holding that district courts are required to consider all material relevant under § 3664 when imposing restitutionSummary of this case from U.S. v. Tortora
No. 673, Docket 85-1336.
Argued January 13, 1986.
Decided April 18, 1986.
Richard Reeve, Asst. Fed. Public Defender, D. Conn., New Haven, Conn. (Thomas G. Dennis, Federal Public Defender, D. Conn., of counsel), for defendant-appellant.
Calvin B. Kurimai, Asst. U.S. Atty., D. Conn., New Haven, Conn. (Stanley A. Twardy, Jr., U.S. Atty., D. Conn., of counsel), for appellee.
Appeal from the United States District Court for the District of Connecticut.
Before CARDAMONE, and PRATT, Circuit Judges, and WYZANSKI, District Judge of the United States District Court for the District of Massachusetts, sitting by designation.
Anderson Atkinson pled guilty to three counts of bank robbery and, as part of his sentence, was ordered by the United States District Court for the District of Connecticut, Warren G. Eginton, Judge, pursuant to the Victim and Witness Protection Act (VWPA), 18 U.S.C. §§ 3579, 3580, to make restitution to the three victim banks of the full amount of their losses. Atkinson argues that in ordering full restitution the district judge did not comply with the provisions of the VWPA because he failed to consider all the statutory factors and that, in any event, ordering full restitution here, when defendant was indigent, was an abuse of discretion. We remand to allow Judge Eginton to perform the statutory balancing mandated by congress in 18 U.S.C. § 3580(a) and to consider whether, under 18 U.S.C. § 3579(e)(1), any third-party payments have been or will be made to any of the banks as reimbursement for losses sustained in the robberies.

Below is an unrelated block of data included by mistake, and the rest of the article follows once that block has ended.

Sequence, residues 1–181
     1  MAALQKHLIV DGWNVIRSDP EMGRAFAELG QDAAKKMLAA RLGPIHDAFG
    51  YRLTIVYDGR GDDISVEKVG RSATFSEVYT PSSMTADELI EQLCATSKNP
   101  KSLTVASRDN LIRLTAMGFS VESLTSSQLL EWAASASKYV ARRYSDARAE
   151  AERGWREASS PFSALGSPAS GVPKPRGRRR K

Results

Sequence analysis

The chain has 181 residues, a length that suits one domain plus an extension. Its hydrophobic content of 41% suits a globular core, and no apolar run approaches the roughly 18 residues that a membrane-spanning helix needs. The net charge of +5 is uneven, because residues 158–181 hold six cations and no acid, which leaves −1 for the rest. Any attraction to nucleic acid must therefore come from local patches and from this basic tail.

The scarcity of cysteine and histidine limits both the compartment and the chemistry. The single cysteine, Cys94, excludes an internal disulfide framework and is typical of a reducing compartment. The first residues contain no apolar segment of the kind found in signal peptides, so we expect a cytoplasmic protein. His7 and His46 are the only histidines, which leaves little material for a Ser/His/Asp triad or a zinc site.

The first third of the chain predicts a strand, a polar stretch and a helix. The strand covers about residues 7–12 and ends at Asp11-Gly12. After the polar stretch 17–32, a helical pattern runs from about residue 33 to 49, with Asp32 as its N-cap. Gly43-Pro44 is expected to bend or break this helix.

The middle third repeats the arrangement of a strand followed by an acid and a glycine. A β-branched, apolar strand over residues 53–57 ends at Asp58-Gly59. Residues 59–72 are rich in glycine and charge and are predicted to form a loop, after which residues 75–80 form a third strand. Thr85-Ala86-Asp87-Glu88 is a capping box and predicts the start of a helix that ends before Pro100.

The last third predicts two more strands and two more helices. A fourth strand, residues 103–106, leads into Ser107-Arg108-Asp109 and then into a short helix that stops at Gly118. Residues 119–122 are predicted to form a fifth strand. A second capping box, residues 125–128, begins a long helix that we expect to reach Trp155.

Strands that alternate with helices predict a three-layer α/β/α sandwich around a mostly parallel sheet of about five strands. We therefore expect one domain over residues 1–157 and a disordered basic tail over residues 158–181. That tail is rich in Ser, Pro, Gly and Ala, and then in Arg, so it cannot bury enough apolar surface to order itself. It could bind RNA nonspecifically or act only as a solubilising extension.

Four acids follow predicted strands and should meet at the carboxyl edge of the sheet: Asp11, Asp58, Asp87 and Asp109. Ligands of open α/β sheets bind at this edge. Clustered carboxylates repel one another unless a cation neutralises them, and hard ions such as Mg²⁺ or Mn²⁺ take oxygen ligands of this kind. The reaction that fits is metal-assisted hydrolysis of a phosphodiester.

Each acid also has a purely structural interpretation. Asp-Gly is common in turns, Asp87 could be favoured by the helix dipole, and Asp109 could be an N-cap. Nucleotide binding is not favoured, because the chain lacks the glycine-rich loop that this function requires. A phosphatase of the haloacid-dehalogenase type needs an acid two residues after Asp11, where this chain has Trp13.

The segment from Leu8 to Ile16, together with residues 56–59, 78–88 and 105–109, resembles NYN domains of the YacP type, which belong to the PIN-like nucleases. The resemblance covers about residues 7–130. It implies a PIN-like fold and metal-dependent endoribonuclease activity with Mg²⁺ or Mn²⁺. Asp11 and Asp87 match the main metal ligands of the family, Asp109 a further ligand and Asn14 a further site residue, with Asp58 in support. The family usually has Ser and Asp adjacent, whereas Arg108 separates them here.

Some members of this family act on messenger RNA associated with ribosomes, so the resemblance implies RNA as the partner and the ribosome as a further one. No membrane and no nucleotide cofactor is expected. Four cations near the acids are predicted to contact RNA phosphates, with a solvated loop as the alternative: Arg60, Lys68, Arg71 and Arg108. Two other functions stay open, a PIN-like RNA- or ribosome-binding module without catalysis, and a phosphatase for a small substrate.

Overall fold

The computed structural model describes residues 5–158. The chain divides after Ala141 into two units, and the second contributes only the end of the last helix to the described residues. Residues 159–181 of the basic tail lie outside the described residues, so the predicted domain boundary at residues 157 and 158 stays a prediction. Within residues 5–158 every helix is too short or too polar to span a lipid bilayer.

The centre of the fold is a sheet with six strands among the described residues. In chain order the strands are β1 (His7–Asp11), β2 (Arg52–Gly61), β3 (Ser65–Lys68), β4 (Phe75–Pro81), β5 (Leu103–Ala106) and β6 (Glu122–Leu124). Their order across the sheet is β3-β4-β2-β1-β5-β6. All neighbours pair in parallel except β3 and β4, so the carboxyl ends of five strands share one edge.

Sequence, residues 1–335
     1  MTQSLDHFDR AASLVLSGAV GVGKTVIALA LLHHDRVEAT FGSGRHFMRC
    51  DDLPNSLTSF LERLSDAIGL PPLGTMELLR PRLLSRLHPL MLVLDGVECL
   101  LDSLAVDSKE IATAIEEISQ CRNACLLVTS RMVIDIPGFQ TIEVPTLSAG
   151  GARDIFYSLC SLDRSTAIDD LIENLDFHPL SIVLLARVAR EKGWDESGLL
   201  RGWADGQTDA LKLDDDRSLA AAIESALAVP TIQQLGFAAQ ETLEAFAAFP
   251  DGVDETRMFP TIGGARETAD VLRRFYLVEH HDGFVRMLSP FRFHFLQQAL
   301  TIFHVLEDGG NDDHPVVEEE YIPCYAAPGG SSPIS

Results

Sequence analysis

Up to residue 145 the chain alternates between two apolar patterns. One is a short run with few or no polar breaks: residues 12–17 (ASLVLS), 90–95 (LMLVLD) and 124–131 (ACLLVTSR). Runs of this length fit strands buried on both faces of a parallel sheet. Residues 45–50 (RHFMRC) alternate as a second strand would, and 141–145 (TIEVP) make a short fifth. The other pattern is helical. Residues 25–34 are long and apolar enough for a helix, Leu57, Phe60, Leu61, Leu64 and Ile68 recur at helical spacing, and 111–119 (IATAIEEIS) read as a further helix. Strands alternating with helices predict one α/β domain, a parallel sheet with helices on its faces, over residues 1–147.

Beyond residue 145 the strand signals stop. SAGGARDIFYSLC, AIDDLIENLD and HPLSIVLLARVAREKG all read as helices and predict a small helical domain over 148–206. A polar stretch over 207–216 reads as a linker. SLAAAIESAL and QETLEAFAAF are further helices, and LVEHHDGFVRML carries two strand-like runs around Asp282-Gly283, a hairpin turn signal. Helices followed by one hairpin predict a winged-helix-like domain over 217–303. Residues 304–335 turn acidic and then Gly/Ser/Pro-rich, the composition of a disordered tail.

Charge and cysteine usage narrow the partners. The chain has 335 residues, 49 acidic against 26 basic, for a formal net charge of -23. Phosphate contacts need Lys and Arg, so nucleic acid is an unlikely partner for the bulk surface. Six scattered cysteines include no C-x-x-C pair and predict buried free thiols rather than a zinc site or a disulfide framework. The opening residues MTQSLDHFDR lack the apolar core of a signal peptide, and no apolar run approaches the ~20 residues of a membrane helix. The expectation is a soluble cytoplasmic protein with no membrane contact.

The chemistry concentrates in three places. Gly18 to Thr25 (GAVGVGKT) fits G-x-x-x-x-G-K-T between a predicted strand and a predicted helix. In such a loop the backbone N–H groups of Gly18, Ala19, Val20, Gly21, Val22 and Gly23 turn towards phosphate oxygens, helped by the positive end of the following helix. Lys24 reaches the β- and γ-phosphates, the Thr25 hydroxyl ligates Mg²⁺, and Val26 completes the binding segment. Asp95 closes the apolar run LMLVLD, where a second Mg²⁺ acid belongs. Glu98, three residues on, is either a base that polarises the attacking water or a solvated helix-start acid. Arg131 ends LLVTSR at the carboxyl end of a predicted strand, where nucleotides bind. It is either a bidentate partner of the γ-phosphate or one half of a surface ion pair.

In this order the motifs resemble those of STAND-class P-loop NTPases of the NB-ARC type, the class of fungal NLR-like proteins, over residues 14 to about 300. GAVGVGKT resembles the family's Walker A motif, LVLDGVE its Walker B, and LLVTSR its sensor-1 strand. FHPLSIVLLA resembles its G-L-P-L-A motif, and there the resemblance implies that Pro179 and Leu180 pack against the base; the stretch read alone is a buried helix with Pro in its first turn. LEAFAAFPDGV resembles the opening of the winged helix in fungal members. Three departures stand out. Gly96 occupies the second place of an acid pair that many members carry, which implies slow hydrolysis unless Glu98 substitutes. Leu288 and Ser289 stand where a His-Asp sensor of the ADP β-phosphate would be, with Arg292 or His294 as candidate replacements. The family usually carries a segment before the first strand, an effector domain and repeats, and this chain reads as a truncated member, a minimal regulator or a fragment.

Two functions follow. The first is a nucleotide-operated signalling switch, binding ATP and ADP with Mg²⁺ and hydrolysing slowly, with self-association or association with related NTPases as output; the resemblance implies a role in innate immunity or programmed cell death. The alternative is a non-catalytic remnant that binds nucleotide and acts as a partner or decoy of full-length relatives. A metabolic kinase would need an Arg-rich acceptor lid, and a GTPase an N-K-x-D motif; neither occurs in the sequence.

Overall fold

Atkinson and a codefendant were charged with the commission of armed robberies of three different banks during December 1983 and January 1984, in violation of 18 U.S.C. §§ 2113(a), (b), (d). Atkinson ultimately pled guilty to three counts of unarmed bank robbery in violation of 18 U.S.C. § 2113(a) and was sentenced to 20 years on each count, to run concurrently with each other as well as with a prior state sentence he was already serving. In addition, Atkinson was ordered to make restitution to the three banks: $3,196.76 to Connecticut Bank Trust, $4,117.00 to Dime Savings Bank, and $22,500.00 to American National Bank, for a total restitution amount of $29,813.76. In arriving at the restitution amounts for each bank, the district judge relied on undisputed figures in the victim impact statements that were supplied by the respective banks and incorporated into Atkinson's presentence report.
Atkinson did not appeal from the judgment of conviction ordering restitution, but he did move under Fed.R.Crim.P. 35(b) for reduction of his sentence. On this motion, counsel for Atkinson argued that the restitution order should be vacated as inappropriate in light of Atkinson's troubled past and dim prospects for the future. Atkinson had been a heroin addict for most of his life and had minimal employment experience. In addition, counsel averred that, in light of Connecticut's sentencing procedures, the earliest Atkinson would be released from prison was at age 55. Given his drug addiction, dearth of work experience and skills, and probable age upon release, counsel argued that Atkinson could not possibly pay the restitution amount of nearly $30,000 and suggested that the burdens imposed by that order would negatively affect Atkinson's attitude upon release. That motion and a subsequent motion to reconsider the motion for reduction of sentence, on which oral argument was heard, were both denied, leading to this appeal.